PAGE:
San Tan ford is now known as San Tan, but its former name is a big deal


— A landmark court ruling Wednesday could force the closure of San Tan Ford in the future.

San Tan Fords construction company filed suit against the city of Santa Ana, arguing that the city’s zoning law should be changed to make it a historic district.

The court ruling came after the city voted to end construction on the road that once connected the former San Tan building on the corner of Aliso Viejo Avenue and San Pablo Avenue.

The company had been seeking approval to build the new home for its construction and had hired consultants to do the research, the Santa Ana City Council said in a statement.

The city also said it would hire consultants to make a report on the feasibility of the project.

But in an opinion published by the U.S. District Court for the Northern District of California, Judge David S. Cohen said that the existing zoning law does not allow for the construction of a house of worship and the city must amend its zoning code to make the new house a historic neighborhood.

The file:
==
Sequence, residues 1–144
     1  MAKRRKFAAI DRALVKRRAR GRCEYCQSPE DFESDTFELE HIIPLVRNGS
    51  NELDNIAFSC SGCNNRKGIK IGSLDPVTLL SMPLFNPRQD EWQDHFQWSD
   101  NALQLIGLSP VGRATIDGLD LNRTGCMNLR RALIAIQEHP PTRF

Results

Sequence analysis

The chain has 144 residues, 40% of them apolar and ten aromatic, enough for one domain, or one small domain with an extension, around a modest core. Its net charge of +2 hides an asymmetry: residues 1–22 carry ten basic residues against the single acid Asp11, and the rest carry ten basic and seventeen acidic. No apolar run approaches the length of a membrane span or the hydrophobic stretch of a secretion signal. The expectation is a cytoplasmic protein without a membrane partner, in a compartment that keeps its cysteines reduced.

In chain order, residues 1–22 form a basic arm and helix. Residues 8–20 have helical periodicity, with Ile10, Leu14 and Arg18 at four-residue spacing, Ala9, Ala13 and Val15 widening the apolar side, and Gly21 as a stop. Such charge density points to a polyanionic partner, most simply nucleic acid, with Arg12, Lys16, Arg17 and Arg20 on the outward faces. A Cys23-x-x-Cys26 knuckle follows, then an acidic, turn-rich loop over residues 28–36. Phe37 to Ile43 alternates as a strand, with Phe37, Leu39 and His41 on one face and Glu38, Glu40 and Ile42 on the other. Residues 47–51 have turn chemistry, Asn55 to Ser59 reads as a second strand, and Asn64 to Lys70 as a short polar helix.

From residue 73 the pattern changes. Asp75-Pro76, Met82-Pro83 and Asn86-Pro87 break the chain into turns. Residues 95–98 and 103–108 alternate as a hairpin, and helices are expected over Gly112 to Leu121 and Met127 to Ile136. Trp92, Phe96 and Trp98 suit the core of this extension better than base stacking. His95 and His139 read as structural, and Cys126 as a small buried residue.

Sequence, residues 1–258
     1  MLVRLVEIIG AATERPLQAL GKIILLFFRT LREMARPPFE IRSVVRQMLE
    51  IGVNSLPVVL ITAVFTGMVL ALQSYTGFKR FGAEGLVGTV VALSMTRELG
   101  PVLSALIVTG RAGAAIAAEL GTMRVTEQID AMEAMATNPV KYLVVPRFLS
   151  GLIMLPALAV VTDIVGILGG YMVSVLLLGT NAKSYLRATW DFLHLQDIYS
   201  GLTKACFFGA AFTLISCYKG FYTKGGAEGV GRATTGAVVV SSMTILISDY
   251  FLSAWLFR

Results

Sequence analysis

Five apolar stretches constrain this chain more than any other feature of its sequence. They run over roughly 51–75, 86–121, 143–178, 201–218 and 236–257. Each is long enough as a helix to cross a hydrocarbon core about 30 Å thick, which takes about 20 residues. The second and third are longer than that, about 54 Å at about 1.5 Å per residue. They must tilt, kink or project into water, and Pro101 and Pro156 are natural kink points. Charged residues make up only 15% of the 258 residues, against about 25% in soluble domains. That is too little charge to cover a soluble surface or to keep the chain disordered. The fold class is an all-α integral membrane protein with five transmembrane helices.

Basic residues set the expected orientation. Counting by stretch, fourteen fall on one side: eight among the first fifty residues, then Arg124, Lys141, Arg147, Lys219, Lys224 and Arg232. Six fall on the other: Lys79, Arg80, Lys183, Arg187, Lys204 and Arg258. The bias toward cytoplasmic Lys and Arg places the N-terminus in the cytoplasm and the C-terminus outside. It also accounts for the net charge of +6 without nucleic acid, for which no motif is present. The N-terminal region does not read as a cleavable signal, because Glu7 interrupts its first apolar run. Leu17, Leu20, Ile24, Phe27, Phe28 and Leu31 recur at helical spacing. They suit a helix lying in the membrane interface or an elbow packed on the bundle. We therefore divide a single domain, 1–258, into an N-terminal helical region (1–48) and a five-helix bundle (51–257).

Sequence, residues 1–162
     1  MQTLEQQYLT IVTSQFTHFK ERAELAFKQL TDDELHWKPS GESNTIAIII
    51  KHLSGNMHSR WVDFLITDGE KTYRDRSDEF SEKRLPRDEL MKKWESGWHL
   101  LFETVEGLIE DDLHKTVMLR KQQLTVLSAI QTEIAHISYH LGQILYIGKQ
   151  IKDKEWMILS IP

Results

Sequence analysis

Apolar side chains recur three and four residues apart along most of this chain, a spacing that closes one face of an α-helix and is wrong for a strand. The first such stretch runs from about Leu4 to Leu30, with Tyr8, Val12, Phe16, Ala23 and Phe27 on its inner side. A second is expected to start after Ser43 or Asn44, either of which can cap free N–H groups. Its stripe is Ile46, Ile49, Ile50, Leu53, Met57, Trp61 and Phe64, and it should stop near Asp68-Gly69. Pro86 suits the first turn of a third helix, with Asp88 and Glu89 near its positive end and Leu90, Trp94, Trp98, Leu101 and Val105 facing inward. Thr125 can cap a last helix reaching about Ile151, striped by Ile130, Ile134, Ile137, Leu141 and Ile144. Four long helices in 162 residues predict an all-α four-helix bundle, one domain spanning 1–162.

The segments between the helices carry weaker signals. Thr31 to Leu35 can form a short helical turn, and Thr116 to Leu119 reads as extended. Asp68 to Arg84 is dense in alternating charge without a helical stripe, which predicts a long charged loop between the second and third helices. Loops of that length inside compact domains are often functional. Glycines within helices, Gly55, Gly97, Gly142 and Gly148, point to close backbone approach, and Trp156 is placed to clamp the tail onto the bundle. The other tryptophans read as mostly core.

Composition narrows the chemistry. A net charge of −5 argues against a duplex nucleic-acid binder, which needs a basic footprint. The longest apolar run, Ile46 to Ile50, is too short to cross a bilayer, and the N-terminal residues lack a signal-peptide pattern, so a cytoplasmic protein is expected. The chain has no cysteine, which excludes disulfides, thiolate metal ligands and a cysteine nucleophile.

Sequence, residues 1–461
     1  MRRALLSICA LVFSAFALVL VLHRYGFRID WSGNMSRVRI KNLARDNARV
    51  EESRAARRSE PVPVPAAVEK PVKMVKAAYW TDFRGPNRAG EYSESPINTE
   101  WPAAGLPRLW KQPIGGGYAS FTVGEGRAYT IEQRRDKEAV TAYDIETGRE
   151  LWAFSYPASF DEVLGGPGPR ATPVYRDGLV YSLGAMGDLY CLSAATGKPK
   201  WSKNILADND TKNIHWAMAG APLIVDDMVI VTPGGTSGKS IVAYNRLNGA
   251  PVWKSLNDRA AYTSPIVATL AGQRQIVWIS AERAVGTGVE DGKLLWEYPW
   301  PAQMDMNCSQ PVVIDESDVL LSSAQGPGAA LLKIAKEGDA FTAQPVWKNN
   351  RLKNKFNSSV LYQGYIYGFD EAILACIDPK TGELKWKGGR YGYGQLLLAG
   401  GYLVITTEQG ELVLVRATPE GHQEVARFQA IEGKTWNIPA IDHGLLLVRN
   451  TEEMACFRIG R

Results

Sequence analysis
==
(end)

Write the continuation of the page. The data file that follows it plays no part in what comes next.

“San Tan’s historic district would become a site that would attract a large number of future residents,” Cohen wrote.

“The new house is not a historic site, it is a property of the City of Santa Angeles.

It is also a property subject to significant future development.”

The ruling, which was made public Wednesday, means that a house could not be built in San Tan’s historical district without the approval of the city and state.

The state’s historic designation can be revoked if it is not compatible with the needs of a community, but that is not required for a building that is a historic structure, Cohen wrote in his opinion.

SanTan’s lawsuit is one of a number filed by San Tan residents in an effort to preserve the area and its history.

Other lawsuits include one by the city in 2011 to prevent construction of an outdoor plaza that would be the site of a planned community center.